The Good, the Bad, and the Ugly:

This is an excerpt of a recent article (May 1999) from the Wall Street Journal that gives a little glimpse into the real world of American OJT.

Here's the text of the excerpt:

More, More, More

Rust- Belt Factory Lifts Productivity, and Staff Finds It's No Picnic

At Westinghouse Air Brake, Workers Trade Boredom For Tough Juggling Act

A Hard-Earnecl $1.50 Bonus

BY Timothy Aeppel Staff Reporter of the Wall Street Journal

CHICAGO - Every two minutes and 26 seconds, a shrill buzzer erupts over the heads of workers inside Westinghouse Air Brake Co.'s small factory here. It signals that the conveyor that carries parts dow the line is about to move.

"If you don't hustle, you surely won't keep~ up,''says Jeffrey Byrom.

Gliding between machines, the 35-yearold worker is a blur of motion, snapping up a finished part and plopping it on the conveyor as it lurches forward. If he doesn't feed the conveyor each time it moves, he risks hindering the next worker down the line.

Speed is just part of it. In traditional factories, workers often are assigned to run single machines; churning out huge batches of parts. But this is no traditional plant. Mr. Byrom's job requires him to juggle the operation of three different machines simultaneously while also checking r egularly for defects in finished items. The idea is to fill every moment of his 10-hour workday with only the most effective motion. The result is a hyper-productive workday.

By using the long-established Japanese approach known as kaizen, which means "continuous improvement," Westinghouse Air Brake tries to squeeze top performance out of aging plants like this one on the south side of Chicago. Thanks to a combination of radically streamlined processes and sheer speed, each worker on Mr. Byrom's line now produces 10 times more per day than in 1991, the company says.

"To be true to these ideas, you're really supposed to dictate everything," Mr. Golden says. In a strict kaizen plant, that would include everything from which knee a worker is allowed to kneel on while doing a particular task, to how far the worker should move his or her right arm to perform another job. "We're really somewhere in between the Japanese approach, where the process drives the people, and the traditional American system, where the people drive the system."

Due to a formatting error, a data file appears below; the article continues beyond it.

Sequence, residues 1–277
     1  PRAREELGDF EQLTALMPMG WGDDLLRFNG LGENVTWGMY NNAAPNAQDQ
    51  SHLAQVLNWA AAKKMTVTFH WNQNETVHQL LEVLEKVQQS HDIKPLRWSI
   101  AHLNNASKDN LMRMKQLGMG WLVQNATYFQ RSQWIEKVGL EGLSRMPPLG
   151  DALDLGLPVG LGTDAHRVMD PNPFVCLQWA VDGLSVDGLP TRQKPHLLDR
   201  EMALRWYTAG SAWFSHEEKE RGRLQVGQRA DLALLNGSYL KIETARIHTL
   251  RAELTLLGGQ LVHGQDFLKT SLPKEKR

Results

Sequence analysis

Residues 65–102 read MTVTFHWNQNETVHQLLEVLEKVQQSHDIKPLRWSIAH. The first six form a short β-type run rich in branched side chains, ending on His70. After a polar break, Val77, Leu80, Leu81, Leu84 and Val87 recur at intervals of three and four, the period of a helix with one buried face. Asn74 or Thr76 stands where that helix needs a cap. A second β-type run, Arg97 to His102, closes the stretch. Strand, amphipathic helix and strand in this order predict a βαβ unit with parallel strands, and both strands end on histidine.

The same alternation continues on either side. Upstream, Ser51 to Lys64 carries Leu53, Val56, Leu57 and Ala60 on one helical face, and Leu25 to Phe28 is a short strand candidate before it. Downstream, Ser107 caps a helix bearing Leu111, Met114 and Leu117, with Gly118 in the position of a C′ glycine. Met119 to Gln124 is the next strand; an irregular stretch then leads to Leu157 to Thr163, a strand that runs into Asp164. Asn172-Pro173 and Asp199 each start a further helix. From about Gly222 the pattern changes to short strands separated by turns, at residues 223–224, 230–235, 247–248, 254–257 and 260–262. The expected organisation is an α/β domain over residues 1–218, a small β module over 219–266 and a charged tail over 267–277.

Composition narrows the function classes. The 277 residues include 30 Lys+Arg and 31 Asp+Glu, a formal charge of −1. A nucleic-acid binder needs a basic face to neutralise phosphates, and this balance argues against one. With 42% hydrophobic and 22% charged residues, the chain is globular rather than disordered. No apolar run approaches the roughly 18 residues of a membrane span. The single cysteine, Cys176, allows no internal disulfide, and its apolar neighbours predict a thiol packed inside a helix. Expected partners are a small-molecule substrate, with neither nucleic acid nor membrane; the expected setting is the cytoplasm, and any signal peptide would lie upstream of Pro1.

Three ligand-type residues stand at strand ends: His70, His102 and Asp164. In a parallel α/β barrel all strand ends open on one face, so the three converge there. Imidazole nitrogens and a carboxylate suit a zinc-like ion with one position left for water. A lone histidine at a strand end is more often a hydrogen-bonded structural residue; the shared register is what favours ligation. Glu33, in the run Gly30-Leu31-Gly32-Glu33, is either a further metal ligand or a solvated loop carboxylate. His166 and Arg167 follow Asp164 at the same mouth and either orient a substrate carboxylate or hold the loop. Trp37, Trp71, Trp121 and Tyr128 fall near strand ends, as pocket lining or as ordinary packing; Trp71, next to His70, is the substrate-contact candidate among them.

Either way, the system can be tough to learn. "After I was here three days, they showed up with a stopwatch; they timed me," Mr. Byrom says. "I didn't like that much."

Nor did he care for the way his trainer, Long Van Vu, a 47-year-old immigrant from Vietnam, would poke him in the forehead and say repeatedly, "You're not llstening; remember to do it the way I said."

The two men have come to respect each other now that Mr. Byrom has proved he can handle the work. Mr. Byrom credits his colleague with helping him learn how to work fast and pay attention. That is why he still refers to his co-worker as 'my master." "It's like a kung-fu thing," Mr. Byrom explains.

But even though he learned well, it eventually becomes clear the line won't meet its goal today. The line is 27 pieces short. There were too many little slowdowns, beginningwith the sluggish start in the morning.


(C) 1999 Dow Jones ~ Company, Inc. All Rights reserved.

MAY 18 1999


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